The starting gun has been fired in the run up to this year’s general election but none of the main parties has cause to celebrate too loudly yet

The new year has kicked off with the predictable barrage of political posters.

This now traditional opening foray probably offers more material to be mocked than it does information for the electorate to make its decision, but it does serve to confirm the battle lines on health in 2015.

‘Despite the seeming media consensus that the NHS is close to a winter crisis, the Conservatives’ position has held up’

For Labour, the message is that the NHS as we know it will not survive another Conservative government. It may not yet have the urgency of Tony Blair’s “24 hours to save the NHS”, but give it a couple of months and it will get there.

For the Conservatives, the retort is that we will not be able to afford a health service without a strong economy, and only one party can be trusted to deliver that. Expect to get very bored of these messages before the calendar turns to May.

Politics on health in 2015

If the starting point for political messaging on health in 2015 is predictable, then the position the parties find themselves in with the electorate is more surprising.

Our exclusive polling shows that, despite the seeming media consensus that the NHS is close to (if not in) a winter crisis, the Conservatives’ position on health has held up.

Labour may still be the party the public trusts most with the NHS, but its lead on the issue has halved over the past six months.

‘David Cameron is still more trusted than Ed Miliband on the NHS by a small margin’

What is more, David Cameron is still more trusted than Ed Miliband on the NHS by a small margin.

Given the daily stream of bad headlines on health, these findings are a major surprise.

These figures should be worrying for Labour. The NHS should be the party’s strongest issue and strategists have signalled that they want to make health the centrepiece of Labour’s election campaign.

If the party cannot secure a decisive lead on the issue, then its chances of scoring any kind of victory in May will be seriously undermined.

That Miliband’s personal credibility on the NHS needs to be bolstered has long been recognised. That is why he personally led on a blizzard of autumn announcements, from using the “mansion tax” to pay for more staff to pledges on cancer early diagnosis.

The signs were the strategy was working. He closed the “trust” gap on health with the prime minister but then – curiously – stopped talking about the issue to the public, allowing Andy Burnham to spearhead Labour’s early winter offensive.

General election 2015 NHS dual

Question of trust

There may be a lesson for the leader of the opposition here.

Cameron has consistently outperformed his party on health and no one but Miliband can neutralise this.

As Labour begins its “health month”, it will be interesting to see the profile adopted by the party’s leader.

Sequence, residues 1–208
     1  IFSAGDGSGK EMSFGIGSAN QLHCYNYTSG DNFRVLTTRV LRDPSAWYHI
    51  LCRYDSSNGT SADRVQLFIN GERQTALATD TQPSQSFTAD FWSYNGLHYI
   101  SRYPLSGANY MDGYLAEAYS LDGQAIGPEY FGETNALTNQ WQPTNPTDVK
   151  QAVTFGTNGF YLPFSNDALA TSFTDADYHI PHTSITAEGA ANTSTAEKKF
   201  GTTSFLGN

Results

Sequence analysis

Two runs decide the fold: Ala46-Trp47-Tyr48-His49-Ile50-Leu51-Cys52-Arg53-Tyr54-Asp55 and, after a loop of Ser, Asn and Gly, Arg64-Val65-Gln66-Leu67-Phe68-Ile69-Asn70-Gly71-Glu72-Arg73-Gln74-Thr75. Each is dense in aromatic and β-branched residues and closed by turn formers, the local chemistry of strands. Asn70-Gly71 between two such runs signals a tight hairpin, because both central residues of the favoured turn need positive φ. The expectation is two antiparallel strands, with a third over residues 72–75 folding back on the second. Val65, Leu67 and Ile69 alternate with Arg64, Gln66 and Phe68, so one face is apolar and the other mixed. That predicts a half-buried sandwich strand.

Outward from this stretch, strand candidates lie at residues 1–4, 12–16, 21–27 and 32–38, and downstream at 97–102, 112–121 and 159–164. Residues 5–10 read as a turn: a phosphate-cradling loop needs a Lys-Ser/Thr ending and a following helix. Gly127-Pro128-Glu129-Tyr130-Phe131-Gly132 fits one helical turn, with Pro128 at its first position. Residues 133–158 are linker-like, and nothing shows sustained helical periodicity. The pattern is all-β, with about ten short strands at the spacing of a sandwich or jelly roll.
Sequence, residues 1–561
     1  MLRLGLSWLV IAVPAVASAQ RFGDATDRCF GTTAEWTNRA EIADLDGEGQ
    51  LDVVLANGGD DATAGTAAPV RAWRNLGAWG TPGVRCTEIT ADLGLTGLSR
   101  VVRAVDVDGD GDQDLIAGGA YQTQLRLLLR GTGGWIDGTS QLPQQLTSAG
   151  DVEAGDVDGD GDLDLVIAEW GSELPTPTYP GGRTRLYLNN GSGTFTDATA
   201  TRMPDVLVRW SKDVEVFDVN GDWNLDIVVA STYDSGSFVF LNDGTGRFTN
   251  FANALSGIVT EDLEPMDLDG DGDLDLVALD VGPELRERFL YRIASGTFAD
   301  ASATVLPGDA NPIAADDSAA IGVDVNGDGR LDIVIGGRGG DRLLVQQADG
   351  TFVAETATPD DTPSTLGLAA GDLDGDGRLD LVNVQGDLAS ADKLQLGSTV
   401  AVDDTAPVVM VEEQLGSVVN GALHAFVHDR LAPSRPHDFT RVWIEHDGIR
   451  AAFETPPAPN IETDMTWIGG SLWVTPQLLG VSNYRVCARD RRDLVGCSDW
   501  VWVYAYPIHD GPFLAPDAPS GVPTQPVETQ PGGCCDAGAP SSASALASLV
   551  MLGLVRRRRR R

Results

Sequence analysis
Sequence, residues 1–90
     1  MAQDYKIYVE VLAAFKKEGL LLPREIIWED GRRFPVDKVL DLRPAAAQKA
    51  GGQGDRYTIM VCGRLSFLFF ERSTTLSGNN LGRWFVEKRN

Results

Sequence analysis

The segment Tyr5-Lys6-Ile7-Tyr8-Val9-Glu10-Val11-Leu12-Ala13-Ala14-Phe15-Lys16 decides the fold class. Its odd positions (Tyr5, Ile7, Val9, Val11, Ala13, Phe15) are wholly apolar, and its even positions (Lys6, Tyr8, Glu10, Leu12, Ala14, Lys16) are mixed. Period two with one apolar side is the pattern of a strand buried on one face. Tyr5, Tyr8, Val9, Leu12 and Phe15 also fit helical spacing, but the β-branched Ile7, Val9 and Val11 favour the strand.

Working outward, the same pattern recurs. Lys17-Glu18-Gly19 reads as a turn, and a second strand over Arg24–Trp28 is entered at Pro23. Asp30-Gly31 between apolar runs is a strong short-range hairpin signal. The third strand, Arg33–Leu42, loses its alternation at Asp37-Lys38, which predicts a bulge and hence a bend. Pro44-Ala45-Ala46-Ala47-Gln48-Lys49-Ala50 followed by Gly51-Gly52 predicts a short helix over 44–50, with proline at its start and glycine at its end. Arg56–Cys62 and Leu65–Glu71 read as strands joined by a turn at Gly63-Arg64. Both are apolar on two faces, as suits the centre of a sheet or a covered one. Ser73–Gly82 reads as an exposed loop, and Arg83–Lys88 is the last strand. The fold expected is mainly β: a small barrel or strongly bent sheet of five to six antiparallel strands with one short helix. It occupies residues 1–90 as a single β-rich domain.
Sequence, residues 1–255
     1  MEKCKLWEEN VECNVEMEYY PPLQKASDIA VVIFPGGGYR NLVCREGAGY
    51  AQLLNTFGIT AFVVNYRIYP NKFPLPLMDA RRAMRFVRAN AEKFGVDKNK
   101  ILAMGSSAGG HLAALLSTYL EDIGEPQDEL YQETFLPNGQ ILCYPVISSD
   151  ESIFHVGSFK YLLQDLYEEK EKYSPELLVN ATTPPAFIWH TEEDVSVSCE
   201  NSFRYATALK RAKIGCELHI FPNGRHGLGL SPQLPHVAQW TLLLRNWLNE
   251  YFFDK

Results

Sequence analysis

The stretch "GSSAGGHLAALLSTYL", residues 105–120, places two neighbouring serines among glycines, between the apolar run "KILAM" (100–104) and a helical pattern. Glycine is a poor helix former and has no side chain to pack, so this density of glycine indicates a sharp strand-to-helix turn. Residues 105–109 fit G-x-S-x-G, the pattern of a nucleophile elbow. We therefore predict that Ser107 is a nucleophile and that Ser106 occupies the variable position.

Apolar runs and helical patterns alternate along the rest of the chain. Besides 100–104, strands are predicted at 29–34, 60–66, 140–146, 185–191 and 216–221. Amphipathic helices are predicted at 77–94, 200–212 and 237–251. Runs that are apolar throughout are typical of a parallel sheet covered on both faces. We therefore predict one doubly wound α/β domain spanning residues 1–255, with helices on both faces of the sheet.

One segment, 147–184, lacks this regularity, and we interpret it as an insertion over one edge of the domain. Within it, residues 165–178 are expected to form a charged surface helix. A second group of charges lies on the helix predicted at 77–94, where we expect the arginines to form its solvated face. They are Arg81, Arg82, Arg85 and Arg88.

There are certainly plenty of voters up for grabs, with nearly half (48 per cent) of the public stating that they either don’t trust any of the party leaders on the NHS or have yet to make up their mind.

If our polling will provide a sobering new year reality check for Labour, there is also not much cause for celebration amongst the other parties.

‘There is plenty of scope for concern about health to turn into outright opposition’

Over a third (35 per cent) of the public think that standards of patient care in the NHS have got worse in the past 12 months. Forty-three per cent think they have remained the same.

Given the high proportion of the public (41 per cent) who say they don’t trust any of the parties on health or have yet to make up their mind, there is plenty of scope for concern about health to turn into outright opposition of the government’s handling of the NHS.

Nick Clegg’s attempt to personally lead the government’s focus on mental health has yet to translate into public trust – only 4 per cent of the public say they trust him most to run the NHS, less than Nigel Farage (6 per cent). Whether Clegg’s move to be the first politician to commit to fully meet the £8bn funding gap identified by NHS England can do anything to shift this remains to be seen.

Early in the NHS winter

Funding is one area where the public appears to be ahead of politicians.

Despite – or perhaps because of – the spending commitments made on the NHS, the public’s willingness to pay more income tax to fund health services has actually hardened.

Of those who expressed an opinion, two-thirds (66 per cent) now say that they would pay at least 1p extra in tax.

The finding comes as Simon Stevens has signalled that he feels the argument over health funding in the next Parliament is far from won.

With the Liberal Democrats having made the first move to bridge the NHS Five Year Forward View funding gap, it will be interesting to see if (and when) the other parties match this, or whether indeed any party will actually spell out how it proposes to pay for it.

‘Despite many announcements and much heated debate, no party has succeeded in shifting public perceptions’

As we enter an election year, one of the key political battlegrounds remains a stalemate.

Despite many announcements and much heated debate, no party has succeeded in shifting public perceptions (and voting intentions).

Labour’s lead on the issue looks anything but certain, but the Conservatives will be aware that many voters have yet to decide and a bad winter could make up their minds for them.

It is still relatively early in the NHS winter and there is every chance that events could lead to the dramatic shift that politicians have so far failed to deliver.

Mike Birtwistle is a founding partner of Incisive Health